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Growing healing herbs in your garden

March 20, 2018 Camille Wilcox

Spring is officially here, and if you're anything like me, the warmer days pull you outside with an overwhelming desire to get your hands in the dirt! As you're planning and preparing your garden and flower beds, there are certain plants you can grow which are not only lovely, but useful as well. These plants also get bonus points for being easy to grow. 

Ten healing herbs to grow in your garden

Peppermint (Mentha × piperita)

Peppermint is a hardy, beautiful plant that has many medicinal uses. You can eat the leaves fresh or use them to make a tea. Peppermint is commonly used to treat digestive issues including bad breath, heartburn, indigestion and diarrhea, and even sniffing the fresh leaves can help keep nausea at bay. Peppermint tea either ingested or applied to the skin may also be used to cool a fever. Peppermint contains some analgesic properties, and can be used as a mild pain reliever to treat headaches and sore muscles. Peppermint is also a pest deterrent, so planting it near your doors or windows may help keep spiders and mice from entering.

Echinacea (Echinaces Purpurea)

Echinacea Purpurea

The purple coneflower Echinacea is a not only a beautiful flower for cutting, but also powerful herbal medicine. Echinacea's immune-system-boosting properties enable the body to fight bacterial and viral infections. Commercial Echinacea products are in high demand during cold and flu season, and are considered safe and effective for treating colds and flus by many health professionals. The roots are the most powerful medicinal part of the plant, so save the flowers for a table boquet and harvest the roots in the fall for your winter teas. Of the many different purple coneflowers native to North America, Echinacea Purpurea is the species considered by herbalists to have the medicinal properties desired. These biennial plants flower only in the second season, but you can often find potted second season plants at your local nursery.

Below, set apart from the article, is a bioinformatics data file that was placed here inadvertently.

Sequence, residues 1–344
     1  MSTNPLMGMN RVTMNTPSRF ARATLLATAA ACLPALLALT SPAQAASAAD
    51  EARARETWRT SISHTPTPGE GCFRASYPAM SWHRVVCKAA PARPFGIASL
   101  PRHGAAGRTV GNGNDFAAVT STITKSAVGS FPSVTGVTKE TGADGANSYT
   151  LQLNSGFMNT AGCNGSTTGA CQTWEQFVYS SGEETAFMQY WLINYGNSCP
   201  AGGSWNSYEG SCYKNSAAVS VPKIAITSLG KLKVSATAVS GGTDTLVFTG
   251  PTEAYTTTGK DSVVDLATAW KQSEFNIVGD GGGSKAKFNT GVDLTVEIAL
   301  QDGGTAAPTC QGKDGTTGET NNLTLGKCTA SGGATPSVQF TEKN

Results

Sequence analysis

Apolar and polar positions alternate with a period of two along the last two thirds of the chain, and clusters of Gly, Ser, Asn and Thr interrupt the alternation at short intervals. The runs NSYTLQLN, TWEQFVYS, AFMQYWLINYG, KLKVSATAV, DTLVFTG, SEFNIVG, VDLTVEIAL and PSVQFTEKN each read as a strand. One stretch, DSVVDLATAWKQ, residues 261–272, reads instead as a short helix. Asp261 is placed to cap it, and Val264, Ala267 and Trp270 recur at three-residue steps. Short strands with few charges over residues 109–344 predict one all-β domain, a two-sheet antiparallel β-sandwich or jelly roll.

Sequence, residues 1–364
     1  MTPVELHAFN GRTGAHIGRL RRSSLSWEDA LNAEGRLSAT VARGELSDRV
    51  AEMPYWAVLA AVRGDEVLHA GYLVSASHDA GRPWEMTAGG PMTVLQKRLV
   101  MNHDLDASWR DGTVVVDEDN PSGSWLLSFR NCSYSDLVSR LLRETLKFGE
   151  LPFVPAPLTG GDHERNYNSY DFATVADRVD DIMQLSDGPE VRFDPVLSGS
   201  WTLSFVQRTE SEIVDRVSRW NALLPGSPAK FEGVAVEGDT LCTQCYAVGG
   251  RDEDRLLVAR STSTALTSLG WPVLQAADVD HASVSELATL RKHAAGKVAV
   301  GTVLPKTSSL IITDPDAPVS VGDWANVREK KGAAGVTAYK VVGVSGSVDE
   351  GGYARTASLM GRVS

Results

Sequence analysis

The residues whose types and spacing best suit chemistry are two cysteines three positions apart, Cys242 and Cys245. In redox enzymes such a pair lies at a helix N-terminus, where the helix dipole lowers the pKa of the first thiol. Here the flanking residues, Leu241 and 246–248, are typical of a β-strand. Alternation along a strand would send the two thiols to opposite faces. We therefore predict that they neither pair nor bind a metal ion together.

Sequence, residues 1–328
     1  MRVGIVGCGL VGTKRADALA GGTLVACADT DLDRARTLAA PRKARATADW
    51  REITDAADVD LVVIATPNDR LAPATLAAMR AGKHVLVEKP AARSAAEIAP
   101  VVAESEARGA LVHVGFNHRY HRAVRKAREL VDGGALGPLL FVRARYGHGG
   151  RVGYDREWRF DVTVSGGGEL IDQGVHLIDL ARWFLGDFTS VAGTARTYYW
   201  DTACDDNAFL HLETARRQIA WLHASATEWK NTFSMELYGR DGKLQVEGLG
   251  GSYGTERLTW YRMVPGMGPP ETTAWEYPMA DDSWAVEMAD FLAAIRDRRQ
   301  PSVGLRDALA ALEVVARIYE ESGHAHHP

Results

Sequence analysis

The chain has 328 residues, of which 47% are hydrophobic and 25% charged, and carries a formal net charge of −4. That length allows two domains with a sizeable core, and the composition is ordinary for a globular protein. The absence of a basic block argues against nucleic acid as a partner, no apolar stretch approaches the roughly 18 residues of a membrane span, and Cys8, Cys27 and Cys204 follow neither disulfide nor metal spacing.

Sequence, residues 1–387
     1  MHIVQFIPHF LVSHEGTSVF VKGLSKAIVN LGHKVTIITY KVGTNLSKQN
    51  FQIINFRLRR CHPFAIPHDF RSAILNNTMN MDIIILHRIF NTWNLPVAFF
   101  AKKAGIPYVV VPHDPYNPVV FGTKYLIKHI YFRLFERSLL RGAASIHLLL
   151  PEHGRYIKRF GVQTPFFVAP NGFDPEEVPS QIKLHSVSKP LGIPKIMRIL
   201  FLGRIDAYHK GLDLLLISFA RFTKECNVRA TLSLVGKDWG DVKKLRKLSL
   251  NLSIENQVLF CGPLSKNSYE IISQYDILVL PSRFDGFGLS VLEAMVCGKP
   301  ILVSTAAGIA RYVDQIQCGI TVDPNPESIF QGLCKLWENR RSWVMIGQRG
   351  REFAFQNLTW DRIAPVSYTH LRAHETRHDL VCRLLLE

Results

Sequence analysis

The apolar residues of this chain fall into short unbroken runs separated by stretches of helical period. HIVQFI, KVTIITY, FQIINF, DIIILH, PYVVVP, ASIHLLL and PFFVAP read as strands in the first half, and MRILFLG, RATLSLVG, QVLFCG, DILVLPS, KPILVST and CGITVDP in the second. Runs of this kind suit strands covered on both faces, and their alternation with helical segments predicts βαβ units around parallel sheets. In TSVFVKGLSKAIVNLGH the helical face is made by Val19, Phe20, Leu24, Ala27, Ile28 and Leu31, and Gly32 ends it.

Comfrey (Symphytum)

This hardy, prolific plant may be considered a weed in some areas of the country, but don't let that deter you from including this useful plant in your garden! The allantoin in Comfrey can aid tissue repair and regeneration.The roots and leaves are traditionally used to treat ligament injuries, bruises, hematomas and broken bones. In fact, Comfrey's common names include boneset and knit bone. Although Comfrey has a history of being used internally, only topical application is recommended today. You can crush the leaves to make a healing poultice and apply it to wounds.